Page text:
How African Art Influenced Picasso's Cubism
Picasso's introduction to the hip hop community during many of Jay Z's lyrics and most notably, his song, "Picasso Baby" is just the latest node in the constant cyclical nature of black artistry merged with mainstream art movements. This series of blog posts will culminate in a chronological diagram which details the resulting products from the cycle of black art fused with mainstream cultures and art movements.
Nadeen Pennisi of Palm Beech State College identifies the specific inspirations for Picasso's first work of Cubism, Les Demoiselles d'Avignon, as copper covered reliquary figures from the Bakota (a.k.a. Kota) people of African state of Gabon and masks from the Dan people from the Ivory Coast. The Dan mask influence can be seen in the two figures to the right of the painting (along with their studies). The women have long ridge-like noses enhanced by elongated protruding chins with small almost non-existent mouths. They have striation along the nose and side of the face that created a flat plane except for the forehead. Their features are reduced to geometric shapes. This indicated that Picasso had indeed studied these masks and to some degree emulated their styles. The Bakota sculpture also influenced the shape and shading of the faces, giving them exaggerated ovoid forms. The shape of the forehead and eyes and a simple ear suggests similarities to the Bakota sculptures. It is evident that the characteristic bold shape of the nose, eyes and shadowing that are in Demoiselles are most likely taken from African art.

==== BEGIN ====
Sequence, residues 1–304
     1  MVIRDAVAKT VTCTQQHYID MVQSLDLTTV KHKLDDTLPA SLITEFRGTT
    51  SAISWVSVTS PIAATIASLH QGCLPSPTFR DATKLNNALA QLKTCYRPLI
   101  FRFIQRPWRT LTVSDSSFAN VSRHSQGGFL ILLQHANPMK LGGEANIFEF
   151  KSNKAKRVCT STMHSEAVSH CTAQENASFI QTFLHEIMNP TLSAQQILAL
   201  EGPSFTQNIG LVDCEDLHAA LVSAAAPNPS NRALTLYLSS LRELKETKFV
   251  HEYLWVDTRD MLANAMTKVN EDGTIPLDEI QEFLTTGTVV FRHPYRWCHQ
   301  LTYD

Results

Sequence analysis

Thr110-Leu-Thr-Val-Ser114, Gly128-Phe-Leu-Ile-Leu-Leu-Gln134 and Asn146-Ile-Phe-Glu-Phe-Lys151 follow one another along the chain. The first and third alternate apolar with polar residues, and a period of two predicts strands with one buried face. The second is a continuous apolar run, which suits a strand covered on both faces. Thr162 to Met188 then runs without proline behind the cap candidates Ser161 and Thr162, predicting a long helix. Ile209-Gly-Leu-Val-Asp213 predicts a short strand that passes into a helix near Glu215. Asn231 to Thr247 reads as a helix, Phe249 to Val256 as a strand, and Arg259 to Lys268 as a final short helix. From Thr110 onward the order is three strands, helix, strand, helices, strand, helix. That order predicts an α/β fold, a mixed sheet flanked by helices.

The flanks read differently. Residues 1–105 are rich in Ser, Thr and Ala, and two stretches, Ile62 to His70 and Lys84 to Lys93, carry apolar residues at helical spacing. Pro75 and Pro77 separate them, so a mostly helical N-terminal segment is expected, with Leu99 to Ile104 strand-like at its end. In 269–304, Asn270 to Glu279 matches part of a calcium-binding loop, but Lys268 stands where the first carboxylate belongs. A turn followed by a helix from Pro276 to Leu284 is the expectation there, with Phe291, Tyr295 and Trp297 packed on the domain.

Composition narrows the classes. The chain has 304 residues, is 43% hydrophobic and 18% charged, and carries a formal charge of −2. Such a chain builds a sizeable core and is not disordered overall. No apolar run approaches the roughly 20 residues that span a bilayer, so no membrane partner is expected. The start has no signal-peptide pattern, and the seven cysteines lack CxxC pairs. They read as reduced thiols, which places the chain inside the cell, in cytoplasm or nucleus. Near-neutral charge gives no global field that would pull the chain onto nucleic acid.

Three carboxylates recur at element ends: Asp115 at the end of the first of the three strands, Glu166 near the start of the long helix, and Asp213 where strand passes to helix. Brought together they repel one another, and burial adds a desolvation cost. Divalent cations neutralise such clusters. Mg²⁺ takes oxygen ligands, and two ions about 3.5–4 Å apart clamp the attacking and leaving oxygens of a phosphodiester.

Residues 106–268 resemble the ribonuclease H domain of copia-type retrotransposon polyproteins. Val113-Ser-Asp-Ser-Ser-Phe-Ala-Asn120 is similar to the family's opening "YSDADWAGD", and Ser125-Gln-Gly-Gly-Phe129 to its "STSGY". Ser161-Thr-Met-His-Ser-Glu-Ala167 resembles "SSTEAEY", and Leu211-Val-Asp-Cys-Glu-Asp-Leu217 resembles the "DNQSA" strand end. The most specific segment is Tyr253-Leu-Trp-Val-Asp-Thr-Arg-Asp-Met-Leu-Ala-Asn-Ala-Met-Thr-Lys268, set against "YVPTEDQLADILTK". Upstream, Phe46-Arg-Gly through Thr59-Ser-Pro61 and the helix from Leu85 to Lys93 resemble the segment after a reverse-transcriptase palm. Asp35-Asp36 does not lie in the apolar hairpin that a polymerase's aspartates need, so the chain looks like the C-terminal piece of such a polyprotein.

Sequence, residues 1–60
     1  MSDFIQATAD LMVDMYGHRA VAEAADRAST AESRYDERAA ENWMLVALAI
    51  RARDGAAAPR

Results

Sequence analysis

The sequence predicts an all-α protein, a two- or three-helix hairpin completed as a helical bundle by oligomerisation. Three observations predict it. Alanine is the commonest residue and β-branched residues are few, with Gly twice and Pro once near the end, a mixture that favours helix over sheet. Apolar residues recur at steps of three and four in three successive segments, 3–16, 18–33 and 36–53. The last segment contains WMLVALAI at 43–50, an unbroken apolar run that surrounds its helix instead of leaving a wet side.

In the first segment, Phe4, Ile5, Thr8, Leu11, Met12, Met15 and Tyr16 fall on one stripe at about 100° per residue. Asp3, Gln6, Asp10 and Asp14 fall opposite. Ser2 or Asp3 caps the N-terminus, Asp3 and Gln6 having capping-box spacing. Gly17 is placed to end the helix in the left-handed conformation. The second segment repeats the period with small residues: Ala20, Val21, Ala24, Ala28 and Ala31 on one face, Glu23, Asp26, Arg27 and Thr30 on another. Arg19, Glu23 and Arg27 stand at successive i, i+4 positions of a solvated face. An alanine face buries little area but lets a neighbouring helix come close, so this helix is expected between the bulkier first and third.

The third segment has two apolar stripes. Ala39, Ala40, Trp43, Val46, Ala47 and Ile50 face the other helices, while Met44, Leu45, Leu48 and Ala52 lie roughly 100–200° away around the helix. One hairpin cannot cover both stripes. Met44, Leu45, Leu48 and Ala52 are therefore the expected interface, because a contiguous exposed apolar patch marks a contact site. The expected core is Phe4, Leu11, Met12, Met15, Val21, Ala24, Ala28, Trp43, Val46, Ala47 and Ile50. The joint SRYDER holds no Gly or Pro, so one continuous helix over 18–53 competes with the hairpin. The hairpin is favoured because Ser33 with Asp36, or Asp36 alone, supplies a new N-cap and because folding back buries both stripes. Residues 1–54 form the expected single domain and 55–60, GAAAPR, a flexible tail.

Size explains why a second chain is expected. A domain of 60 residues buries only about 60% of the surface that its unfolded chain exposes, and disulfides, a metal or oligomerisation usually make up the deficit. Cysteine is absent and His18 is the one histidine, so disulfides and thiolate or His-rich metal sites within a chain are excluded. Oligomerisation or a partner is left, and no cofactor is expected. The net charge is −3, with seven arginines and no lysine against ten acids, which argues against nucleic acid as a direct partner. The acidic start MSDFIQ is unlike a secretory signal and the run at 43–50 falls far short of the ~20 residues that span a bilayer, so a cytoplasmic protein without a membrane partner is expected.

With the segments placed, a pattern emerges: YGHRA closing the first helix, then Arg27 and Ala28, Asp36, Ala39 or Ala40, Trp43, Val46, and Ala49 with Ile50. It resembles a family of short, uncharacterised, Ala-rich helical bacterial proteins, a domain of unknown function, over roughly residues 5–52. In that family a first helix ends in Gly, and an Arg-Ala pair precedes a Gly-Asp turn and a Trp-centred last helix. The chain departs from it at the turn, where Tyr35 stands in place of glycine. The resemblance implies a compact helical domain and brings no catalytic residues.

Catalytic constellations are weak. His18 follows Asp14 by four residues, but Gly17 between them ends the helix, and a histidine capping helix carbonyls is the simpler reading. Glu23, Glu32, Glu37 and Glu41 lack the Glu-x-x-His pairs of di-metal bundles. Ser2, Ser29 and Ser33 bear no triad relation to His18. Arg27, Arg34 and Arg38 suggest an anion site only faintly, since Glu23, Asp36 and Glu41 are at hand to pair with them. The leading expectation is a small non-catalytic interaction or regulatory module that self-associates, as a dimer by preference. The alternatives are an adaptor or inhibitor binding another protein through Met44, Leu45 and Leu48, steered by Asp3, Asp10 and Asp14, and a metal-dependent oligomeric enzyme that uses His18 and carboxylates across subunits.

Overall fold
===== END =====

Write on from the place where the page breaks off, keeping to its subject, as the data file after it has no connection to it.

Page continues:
The images below are sculptures from the Bakota people also known as the Kota people of Gabon.
Below: The three images are masks from the Dan People or Gio People, an ethnic group located in north east Liberia and Cote. Before Picasso started his Back Period he came into the possession of some ancient Liberian sculptures that he got from an acquaintance who had stolen them from the Louvre museum in Paris.
Below: Picasso's study images for Les Demoiselles d'Avignon. Its very easy to see the African art influences.
Below: These two images shows Picasso's self portraits before and after his African art influences. The portrait on the left was created during his blue period (1901 - 1904) the portrait on the right was created during his black period (1906 - 1907).
Summary - Without Picasso's introduction to African artistry, would Cubism exist? His indulgence in negrophilla produced a new art form which continues to inspire various artist today. Could the architectural profession benefit from such a paradigm shift? The infusion of hip hop's artistry and the stagnated architectural profession could yield a new style of architecture and a variety of new practitioners.